Caregiving and the Burden

A high level of stress may be experienced by people who are caring for another person (usually a family member) with some kind of long-term illness. For example, a person caring for someone with a chronic illness may experience such stressors as financial strain, managing the person’s symptoms, dealing with crises, the loss of friends, or the loss of intimacy

 

Caregiver Burnout:

(http://www.webmd.com/healthy-aging/caregiver-burnout)

Caregiver burnout is a state of physical, emotional, and mental exhaustion that may be accompanied by a change in attitude — from positive and caring to negative and unconcerned. Burnout can occur when caregivers don’t get the help they need, or if they try to do more than they are able — either physically or financially. Caregivers who are “burned out” may experience fatigue, stress, anxiety, and depression. Many caregivers also feel guilty if they spend time on themselves rather than on their ill or elderly loved ones.

 

Caregivers who are under stress are likely to feel:

  • Trapped and helpless
  • Tense and unhappy almost every day
  • Unable to face the day
  • Unable to sleep or the need to sleep much more
  • Angry, but guilty because you know you shouldn’t be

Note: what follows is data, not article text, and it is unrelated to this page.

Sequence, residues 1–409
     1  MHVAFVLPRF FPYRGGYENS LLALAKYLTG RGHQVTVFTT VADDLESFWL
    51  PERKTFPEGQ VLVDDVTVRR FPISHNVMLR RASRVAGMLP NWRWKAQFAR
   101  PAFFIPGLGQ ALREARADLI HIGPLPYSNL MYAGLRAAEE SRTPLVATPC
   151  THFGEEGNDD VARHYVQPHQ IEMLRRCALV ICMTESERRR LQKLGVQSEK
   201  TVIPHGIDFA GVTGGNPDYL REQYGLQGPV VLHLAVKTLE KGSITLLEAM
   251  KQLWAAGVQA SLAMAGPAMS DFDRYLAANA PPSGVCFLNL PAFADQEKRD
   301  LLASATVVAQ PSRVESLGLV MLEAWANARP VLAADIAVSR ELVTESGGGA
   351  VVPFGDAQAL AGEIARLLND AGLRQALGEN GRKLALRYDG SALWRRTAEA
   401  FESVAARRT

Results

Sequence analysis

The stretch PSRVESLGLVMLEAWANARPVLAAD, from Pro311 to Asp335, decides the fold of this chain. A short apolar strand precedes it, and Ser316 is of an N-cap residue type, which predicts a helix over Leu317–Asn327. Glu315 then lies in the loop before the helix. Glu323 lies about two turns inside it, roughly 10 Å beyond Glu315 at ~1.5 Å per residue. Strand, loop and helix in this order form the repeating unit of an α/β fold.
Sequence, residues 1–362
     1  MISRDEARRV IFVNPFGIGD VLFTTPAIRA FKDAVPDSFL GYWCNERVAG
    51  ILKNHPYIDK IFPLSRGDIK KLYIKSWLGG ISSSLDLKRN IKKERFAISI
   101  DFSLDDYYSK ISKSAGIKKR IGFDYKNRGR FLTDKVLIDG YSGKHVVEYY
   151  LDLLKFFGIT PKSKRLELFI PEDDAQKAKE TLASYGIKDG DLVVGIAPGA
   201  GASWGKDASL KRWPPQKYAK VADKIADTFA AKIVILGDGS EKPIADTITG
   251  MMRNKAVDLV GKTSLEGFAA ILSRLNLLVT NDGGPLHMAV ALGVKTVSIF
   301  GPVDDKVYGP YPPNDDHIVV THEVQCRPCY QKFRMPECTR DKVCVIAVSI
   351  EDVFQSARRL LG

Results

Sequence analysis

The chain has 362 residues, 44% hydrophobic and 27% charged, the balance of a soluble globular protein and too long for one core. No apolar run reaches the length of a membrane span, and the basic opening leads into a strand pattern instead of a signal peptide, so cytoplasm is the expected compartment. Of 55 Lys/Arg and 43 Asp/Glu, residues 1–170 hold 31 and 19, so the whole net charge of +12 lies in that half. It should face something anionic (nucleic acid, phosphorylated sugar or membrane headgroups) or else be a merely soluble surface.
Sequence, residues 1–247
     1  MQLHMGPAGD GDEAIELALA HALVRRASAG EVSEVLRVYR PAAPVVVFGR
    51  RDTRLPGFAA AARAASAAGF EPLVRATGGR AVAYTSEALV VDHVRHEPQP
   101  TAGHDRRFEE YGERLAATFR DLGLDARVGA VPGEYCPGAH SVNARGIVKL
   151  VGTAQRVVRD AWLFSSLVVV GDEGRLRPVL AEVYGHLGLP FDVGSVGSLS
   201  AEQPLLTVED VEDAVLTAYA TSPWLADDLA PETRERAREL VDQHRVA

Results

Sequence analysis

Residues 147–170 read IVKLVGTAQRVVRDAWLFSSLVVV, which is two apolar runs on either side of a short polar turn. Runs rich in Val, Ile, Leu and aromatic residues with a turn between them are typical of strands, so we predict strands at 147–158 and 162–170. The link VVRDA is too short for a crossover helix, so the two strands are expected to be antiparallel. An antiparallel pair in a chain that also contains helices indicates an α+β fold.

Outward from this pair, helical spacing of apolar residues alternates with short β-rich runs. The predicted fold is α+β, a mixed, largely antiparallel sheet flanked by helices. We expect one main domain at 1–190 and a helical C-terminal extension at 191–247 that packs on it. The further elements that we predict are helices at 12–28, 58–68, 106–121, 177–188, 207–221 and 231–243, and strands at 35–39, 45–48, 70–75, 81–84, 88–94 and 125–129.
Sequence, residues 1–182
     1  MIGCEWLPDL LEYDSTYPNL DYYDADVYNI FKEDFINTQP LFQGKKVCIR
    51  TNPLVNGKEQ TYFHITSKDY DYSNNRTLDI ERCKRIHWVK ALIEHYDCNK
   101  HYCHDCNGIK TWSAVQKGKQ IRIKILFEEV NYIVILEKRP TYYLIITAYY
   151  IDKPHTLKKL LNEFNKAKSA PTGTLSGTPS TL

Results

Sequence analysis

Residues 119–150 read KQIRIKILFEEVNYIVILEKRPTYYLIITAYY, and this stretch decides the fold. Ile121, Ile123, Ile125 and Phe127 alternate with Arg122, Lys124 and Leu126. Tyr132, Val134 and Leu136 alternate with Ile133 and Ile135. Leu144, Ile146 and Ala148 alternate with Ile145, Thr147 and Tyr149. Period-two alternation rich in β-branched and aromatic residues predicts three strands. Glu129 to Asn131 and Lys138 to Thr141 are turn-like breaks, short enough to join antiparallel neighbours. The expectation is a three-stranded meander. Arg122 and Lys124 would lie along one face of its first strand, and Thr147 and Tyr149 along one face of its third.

• There’s no one to turn to for help or don’t know whom to turn to
  • Unable to carry on
  • Guilty for not being able to focus on their professional or personal lives
  • Inadequate and depressed because they’re not able to help their loved ones

(- Compiled by Ekta Hattangady)

 

What Causes Caregiver Burnout?

Caregivers often are so busy caring for others that they tend to neglect their own emotional, physical, and spiritual health. The demands on a caregiver’s body, mind, and emotions can easily seem overwhelming, leading to fatigue and hopelessness — and, ultimately, burnout. Other factors that can lead to caregiver burnout include:

  • Role confusion — Many people are confused when thrust into the role of caregiver. It can be difficult for a person to separate her role as caregiver from her role as spouse, lover, child, friend, etc.
  • Unrealistic expectations — Many caregivers expect their involvement to have a positive effect on the health and happiness of the patient. This may be unrealistic for patients suffering from a progressive disease, such as Parkinson’s or Alzheimer’s.
  • Lack of control — Many caregivers become frustrated by a lack of money, resources, and skills to effectively plan, manage, and organize their loved one’s care.
  • Unreasonable demands — Some caregivers place unreasonable burdens upon themselves, in part because they see providing care as their exclusive responsibility.
  • Other factors — Many caregivers cannot recognize when they are suffering burnout and eventually get to the point where they cannot function effectively. They may even become sick themselves.
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